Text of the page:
November 24 Day 261: Individual Orals

Next week will be the final rung in the oral-assessment-scaffold in advance of the planned final for Calculus II. Teaching a fully remote course, I decided to continue with an oral final assessment as I did last Spring. Making this decision in advance and heeding my previous students’ recommendations, I have scaffolded building oral assessment skills all quarter long.

The first oral assessment was a group affair of three to four students. The grading scheme encouraged teams to prepare together, to pay attention during the interview, and to assist when necessary. If team members could identify errors that then got corrected by the presenter, the penalty was small. Otherwise team members could make the correction for a more substantial penalty.

The second oral assessment was similar but smaller with groups of two to three. Using the same grading rubric, it was more intimate but functioned similarly to the first. The greatest benefit was genuine human interaction, which had been lacking despite my best efforts.

The week after Thanksgiving will be the third oral assessment. This time it is an individual affair. The problems and rubric were released tonight. And my calendar is rapidly filling up with 15 minute appointments. (Note: has been a life saver for what could easily be a scheduling nightmare.) The students have been encouraged to prepare together but they are responsible to no one except themself. I have learned to be explicit with my expectations—including preparations and readiness to engage in the limited time we have together.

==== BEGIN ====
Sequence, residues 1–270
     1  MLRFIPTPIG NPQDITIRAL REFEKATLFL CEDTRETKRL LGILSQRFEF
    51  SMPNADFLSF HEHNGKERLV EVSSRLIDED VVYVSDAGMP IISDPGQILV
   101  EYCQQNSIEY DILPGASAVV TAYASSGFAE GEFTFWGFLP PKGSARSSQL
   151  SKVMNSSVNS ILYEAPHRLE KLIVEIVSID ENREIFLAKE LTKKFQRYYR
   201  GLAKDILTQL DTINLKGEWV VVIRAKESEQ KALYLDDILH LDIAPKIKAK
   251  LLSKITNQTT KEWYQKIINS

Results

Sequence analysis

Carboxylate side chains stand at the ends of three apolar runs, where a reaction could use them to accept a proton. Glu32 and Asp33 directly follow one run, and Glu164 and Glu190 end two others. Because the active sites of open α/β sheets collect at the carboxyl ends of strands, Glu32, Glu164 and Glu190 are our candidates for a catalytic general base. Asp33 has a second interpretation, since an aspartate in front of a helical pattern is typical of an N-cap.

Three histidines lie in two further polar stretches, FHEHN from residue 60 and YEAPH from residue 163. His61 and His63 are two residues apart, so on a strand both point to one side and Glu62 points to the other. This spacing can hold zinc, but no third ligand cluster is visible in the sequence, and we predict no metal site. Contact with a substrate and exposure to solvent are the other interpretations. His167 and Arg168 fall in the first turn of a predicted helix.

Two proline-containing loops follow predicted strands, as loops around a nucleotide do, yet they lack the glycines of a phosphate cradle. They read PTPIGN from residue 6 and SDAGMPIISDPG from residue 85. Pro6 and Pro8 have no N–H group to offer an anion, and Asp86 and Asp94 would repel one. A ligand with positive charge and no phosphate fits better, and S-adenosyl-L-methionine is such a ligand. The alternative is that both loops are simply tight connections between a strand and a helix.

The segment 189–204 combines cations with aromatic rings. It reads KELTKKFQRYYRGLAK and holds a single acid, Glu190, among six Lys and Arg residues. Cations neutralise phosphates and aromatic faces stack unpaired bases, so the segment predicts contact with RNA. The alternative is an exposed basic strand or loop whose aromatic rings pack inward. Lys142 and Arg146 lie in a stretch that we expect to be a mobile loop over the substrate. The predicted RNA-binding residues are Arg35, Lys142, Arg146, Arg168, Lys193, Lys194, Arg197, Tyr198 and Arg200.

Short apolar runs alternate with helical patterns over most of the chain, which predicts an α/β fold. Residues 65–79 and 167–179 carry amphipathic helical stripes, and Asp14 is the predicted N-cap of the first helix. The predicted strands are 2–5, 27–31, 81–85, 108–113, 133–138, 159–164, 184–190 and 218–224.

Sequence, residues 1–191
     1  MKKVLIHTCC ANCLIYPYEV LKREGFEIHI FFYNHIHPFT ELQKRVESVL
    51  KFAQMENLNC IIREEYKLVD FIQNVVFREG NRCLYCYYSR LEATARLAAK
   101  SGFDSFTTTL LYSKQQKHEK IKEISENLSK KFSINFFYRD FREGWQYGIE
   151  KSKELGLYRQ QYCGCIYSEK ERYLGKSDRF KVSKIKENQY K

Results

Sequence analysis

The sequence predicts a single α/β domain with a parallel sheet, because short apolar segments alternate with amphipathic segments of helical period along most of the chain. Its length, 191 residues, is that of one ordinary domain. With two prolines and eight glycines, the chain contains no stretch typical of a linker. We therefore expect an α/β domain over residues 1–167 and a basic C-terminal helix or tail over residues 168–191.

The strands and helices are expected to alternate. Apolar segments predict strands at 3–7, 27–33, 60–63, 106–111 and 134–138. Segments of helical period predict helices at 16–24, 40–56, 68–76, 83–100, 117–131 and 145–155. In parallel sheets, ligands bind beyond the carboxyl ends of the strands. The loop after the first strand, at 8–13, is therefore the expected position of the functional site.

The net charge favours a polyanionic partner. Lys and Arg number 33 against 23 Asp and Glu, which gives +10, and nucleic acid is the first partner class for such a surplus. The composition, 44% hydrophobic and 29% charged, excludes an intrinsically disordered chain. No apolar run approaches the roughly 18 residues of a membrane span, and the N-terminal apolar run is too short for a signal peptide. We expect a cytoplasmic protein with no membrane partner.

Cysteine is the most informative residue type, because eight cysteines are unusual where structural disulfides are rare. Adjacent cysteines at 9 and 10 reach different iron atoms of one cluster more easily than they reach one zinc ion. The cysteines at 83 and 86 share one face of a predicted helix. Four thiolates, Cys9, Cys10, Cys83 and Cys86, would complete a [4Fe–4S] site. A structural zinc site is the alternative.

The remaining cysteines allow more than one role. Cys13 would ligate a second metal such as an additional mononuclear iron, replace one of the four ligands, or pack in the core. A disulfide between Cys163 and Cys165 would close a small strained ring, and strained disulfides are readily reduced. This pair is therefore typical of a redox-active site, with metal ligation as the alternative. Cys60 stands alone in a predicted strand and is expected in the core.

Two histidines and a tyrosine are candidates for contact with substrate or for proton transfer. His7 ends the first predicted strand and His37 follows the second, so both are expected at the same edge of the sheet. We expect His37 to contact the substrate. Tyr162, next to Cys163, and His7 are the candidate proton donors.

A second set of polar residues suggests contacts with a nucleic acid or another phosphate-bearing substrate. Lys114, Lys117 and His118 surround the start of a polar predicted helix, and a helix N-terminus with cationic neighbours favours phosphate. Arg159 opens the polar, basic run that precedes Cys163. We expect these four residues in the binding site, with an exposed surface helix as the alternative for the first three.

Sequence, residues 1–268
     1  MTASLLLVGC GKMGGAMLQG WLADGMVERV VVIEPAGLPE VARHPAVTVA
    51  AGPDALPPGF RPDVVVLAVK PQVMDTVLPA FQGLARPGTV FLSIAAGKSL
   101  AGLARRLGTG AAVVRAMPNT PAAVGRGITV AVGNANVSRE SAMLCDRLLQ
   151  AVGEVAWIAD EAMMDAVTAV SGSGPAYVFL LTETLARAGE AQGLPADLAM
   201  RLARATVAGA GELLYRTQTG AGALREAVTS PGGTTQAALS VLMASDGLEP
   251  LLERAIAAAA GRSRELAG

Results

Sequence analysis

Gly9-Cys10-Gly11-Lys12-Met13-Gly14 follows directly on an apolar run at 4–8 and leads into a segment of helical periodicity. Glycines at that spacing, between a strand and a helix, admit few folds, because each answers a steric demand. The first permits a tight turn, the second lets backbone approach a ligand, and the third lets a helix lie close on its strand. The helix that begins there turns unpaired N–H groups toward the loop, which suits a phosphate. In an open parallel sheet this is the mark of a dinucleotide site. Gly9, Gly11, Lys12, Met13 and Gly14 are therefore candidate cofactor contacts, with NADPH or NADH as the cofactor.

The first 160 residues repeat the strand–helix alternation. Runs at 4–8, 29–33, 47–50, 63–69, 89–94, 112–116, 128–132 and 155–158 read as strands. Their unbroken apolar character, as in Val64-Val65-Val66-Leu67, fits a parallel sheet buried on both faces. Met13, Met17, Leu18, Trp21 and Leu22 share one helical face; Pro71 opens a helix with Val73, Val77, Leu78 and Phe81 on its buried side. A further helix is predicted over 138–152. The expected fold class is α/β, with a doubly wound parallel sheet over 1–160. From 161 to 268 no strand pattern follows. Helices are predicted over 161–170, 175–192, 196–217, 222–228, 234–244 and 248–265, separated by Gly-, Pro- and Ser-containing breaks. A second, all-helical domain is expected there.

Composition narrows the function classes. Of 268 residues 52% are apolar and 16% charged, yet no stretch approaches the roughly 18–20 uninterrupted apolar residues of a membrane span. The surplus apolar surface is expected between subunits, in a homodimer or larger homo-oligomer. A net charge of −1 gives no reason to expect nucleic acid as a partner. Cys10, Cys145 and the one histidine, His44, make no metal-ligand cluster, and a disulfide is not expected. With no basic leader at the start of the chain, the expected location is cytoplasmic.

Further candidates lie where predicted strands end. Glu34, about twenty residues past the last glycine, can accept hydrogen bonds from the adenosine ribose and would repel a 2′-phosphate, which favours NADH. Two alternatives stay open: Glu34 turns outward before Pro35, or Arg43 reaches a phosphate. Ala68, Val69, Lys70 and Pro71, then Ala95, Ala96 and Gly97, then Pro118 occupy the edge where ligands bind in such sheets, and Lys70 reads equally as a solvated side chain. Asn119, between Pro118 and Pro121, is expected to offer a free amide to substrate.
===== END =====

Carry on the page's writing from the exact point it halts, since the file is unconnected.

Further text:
The process and rubric leave no doubt as to what they will be assessed on. This individual rubric is more prescriptive and less holistic than ones from the past.

After completing the interviews for this assessment, I will have a weekend to plan the final, adapting what I learn from the students’ successes and self-reflections. Any help that you can offer would be appreciated. If you have any favorite “synthetic questions” from Calculus II that you would like to share, I’d love to hear from you.

Published by Jenny Quinn

Mathematician. Mother. Wife. Leader. I am a professor of mathematics at the University of Washington Tacoma. Mother of Anson and Zachary. Wife to Mark. President of the Mathematical Association of America.

2 thoughts on “November 24 Day 261: Individual Orals

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